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Seabuckthorn, "Through a Vulnerable Occur"

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Over the last several years, it has seemed like each new Seabuckthorn release marks yet another significant creative breakthrough for Andy Cartwright. This latest one, his first for France's IIKKI Books imprint, is intended as a multimedia "dialogue" with Australian photographer Sophie Gabrielle.  Given the increasingly cinematic cast of this project, composing an accompaniment for a book of stark and striking photographs is hardly a stretch, but Cartwright's vision has nevertheless grown even more sophisticated since last year's Crossing.  Much like its predecessor, Through A Vulnerable Occur showcases Cartwright's ingenious and endlessly evolving talent for rendering his guitar largely unrecognizable as such, yet his emphasis on details, textures, and small scale dynamics is even more pronounced and masterful this time around.  Given that Vulnerable Occur crosses the blurry line between melodic "songs" and more abstract soundscapes a bit more than previous releases, it admittedly took me a few listens to fully warm to it.  Once I was fully immersed its rich tapestry of layers and nuances, however, Vulnerable Occur revealed itself to be a slow-burning masterpiece of elegantly controlled tension.

IIKKI Books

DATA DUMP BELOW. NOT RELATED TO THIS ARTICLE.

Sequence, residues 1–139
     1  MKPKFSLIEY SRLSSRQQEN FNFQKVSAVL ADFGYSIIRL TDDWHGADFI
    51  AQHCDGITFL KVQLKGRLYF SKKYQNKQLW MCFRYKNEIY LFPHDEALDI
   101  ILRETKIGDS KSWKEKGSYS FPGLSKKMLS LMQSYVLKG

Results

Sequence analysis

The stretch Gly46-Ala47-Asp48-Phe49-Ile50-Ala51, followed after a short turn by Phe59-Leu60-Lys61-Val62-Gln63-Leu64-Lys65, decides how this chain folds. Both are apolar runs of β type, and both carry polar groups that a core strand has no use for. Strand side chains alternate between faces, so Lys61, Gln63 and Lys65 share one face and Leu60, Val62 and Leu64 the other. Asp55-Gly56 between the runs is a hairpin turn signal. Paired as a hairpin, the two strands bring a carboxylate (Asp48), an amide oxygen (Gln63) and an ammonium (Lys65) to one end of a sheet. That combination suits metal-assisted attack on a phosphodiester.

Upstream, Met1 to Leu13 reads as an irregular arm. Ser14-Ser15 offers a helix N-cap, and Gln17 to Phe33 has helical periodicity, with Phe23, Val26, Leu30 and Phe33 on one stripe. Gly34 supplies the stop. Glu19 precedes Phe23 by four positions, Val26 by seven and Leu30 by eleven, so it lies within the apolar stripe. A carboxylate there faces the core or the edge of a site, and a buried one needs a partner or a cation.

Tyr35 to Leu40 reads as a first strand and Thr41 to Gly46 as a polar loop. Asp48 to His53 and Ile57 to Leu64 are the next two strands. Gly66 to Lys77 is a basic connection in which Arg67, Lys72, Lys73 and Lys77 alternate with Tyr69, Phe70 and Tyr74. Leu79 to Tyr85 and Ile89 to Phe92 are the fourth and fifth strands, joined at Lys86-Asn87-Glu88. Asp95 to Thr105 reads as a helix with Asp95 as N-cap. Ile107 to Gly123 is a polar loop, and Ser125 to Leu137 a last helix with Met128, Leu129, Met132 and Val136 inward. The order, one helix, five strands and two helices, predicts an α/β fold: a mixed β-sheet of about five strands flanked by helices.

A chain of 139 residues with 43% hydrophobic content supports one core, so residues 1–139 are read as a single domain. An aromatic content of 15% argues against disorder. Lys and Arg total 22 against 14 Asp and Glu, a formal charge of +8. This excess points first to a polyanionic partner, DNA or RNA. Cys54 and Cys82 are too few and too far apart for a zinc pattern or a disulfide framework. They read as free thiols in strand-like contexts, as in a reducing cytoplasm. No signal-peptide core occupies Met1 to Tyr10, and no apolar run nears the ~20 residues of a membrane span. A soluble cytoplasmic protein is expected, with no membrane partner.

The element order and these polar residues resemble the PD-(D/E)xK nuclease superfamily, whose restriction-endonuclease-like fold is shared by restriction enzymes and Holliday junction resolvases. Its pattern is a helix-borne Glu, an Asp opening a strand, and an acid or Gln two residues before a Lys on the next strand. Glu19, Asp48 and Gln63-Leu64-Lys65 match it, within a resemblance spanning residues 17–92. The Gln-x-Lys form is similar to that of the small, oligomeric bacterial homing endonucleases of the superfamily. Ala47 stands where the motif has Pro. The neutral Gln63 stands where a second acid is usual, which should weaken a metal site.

I am always fascinated and somewhat amazed whenever I encounter a virtuosic instrumentalist who is able to egolessly cast aside their technical prowess in pursuit of a bold new vision, such as laptop-era Jim O'Rourke or modular synth-era Cam Deas.  On this latest release, Cartwright himself fully earns a place in that illustrious pantheon, as he now focuses entirely upon droning soundscapes of bowed strings rather than the rapidly picked, rolling arpeggios of his earlier days.  Despite that ambitious transformation, a distinctive "haunted Americana" feel remains a consistent thread in Cartwright's work and he has only gotten better at evoking a complete and fully formed world of his own (as opposed to composing work that feels like a cool soundtrack in search of a suitably bleak and arty western to accompany).  A lingering trace of the former Cartwright does briefly surface in the rippling melancholy arpeggios of "While There By The Woods," but the opening "Toward the Warmth" is far more representative of Seabuckthorn's current aesthetic: a slow-motion reverie of swelling strings embellished with metallic sharpness and ghostly vapor trails of decay.  The most apt adjective for Cartwright's current vision is "painterly," as each piece feels like a wonderfully enigmatic, haunting, and masterfully composed scene.  The analogy actually goes even deeper than that though, as Cartwright would be the kind of painter who mercilessly scrutinized every brush stroke to ensure that every single nuance felt meaningful, necessary, and right.  While he might occasionally err on the side of too understated, Cartwright's instincts for detail, texture, and small-scare dynamic shifts are almost supernaturally infallible (especially on the second half of this album).